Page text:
Local Sound describes itself as a "movement" born from the relentless creativity of the college-aged in the Nashville, Tennessee area. They are a group of male and female musicians and singers who met at ministry MyLocal, and are on a mission to be "culture creators" by making "high energy, innovative music that reaches the world."
"To the King" kicks things off with a gospel groove and the rhythm section taking center stage, along with a major assist from a searing organ and gang vocals. Overall, it produces a huge and joyous sound and is a welcome jolt to begin the tracklisting. "More Than Halfway" continues the funky start with a thick bass line that produces the kind of toe-tapping danceable track you'd expect from Tauren Wells or TobyMac.
Another standout is the bright chime of "Time and Time Again," which is likely the easiest entry point to the group for those previously uninitiated. The rafter-raising vocal "Woah oohs" are tailor-made for the vastness of a room packed with people in full-throated praise. "Through the Night" makes perfect use of a string section by combining it with a simple piano and earnest vocals. The lyrical focus is on the trusted faithfulness of God and it makes for a top-five song of the album. The other ballad that escapes the problem of blandness is the Francesca Battistelli sound of "My Confidence," which has immediate radio-ready accessibility.
"Free Indeed" is also lifted by strings that elevate the song from ho-hum to lesser-highlight. Without it, the song would have faded into the sameness that befalls several of the slower tempo songs on the latter half of the album. "On Christ" leans heavily on "The Solid Rock" for its chorus, with enough of a twist to keep it from bordering on a cover of the tune, although it ultimately lands as forgettable aside from the familiarity with the hymn. "To Be Loved" begins with promise, featuring an acoustic guitar and gentle drum thump, but unfortunately the repetitive chorus wears thin all too quickly.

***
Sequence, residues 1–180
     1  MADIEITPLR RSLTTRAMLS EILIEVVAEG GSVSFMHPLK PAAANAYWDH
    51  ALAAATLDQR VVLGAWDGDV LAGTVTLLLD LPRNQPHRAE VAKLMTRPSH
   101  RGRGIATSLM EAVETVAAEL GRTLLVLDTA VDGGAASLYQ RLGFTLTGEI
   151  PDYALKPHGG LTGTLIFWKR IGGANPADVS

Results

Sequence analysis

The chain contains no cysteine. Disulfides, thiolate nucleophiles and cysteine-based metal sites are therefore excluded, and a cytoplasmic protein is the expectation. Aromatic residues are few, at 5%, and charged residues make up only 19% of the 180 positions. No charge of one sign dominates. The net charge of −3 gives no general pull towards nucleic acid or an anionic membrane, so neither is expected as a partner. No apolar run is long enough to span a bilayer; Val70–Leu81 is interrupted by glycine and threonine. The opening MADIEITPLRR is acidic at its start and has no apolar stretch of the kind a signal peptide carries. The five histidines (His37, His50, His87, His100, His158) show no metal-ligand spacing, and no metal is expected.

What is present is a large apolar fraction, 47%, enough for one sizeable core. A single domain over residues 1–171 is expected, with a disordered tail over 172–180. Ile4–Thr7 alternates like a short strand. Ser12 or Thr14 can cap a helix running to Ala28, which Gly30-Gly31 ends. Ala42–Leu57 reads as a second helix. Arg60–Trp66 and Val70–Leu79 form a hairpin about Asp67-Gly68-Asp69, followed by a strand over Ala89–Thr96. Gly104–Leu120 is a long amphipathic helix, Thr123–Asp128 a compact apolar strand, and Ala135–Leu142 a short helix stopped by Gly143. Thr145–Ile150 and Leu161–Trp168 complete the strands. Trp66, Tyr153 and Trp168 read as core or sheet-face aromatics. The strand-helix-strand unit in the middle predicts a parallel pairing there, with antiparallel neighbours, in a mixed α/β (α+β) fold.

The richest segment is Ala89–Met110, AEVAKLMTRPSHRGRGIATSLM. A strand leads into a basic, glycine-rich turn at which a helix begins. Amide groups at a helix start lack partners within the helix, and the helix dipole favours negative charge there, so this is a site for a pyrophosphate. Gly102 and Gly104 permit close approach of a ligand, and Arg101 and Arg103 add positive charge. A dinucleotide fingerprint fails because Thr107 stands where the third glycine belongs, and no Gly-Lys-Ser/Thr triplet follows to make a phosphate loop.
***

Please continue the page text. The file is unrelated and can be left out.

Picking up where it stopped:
Lastly, the album ends strongly with "Forevermore," which bears a similarity to the sound of worship contemporaries like Isla Vista and Kings Kaleidoscope -- particularly in the vocal department. This is not a knock; if you are a fan of either, you'll likely gravitate to the tune as one of several to add to your playlist.
All in all, Local Sound is a community-inspired and wide-ranging project with a little bit of something to offer for any fan of the genre. While some of the tracks fell flatter than others, especially in the latter half, I'm certainly on board for the peppier moments that seem to be their current sweet spot and one or two ballads that shone brightest. Ultimately, This is My Local is a worthy addition to the genre, with room for growth on future releases. This one is for fans of eclectic worshipful moments produced by groups like the aforementioned Isla Vista Worship and Kings Kaleidoscope.- Review date: 8/4/22, written by Josh Balogh of Jesusfreakhideout.com
Record Label: Integrity Music
|comments powered by Disqus|
|Amanda Danziger Releases Her Summer Song, "Refining Fire," the Third Installment to Her Seasons Project This Year|
Mon, 08 Aug 2022 22:10:00 EST
|Tickets Are On Sale Now For Porter's Call Annual Event "Evening Of Stories"|
Mon, 08 Aug 2022 22:00:00 EST
|Greg Oliver Agency Announces Staff Promotion And Additions|
Mon, 08 Aug 2022 21:30:00 EST
|Justin Kendrick's "The Sacred Us" Offers Compelling Case for Connection|
Mon, 08 Aug 2022 14:30:00 EST
|Debut Album from Nashville Band and Movement Local Sound Releases Today|
Fri, 05 Aug 2022 18:20:00 EST
|Thrasher Sound Labels Sign Distribution Deal with CDX Records/Sony Orchard|
Fri, 05 Aug 2022 18:10:00 EST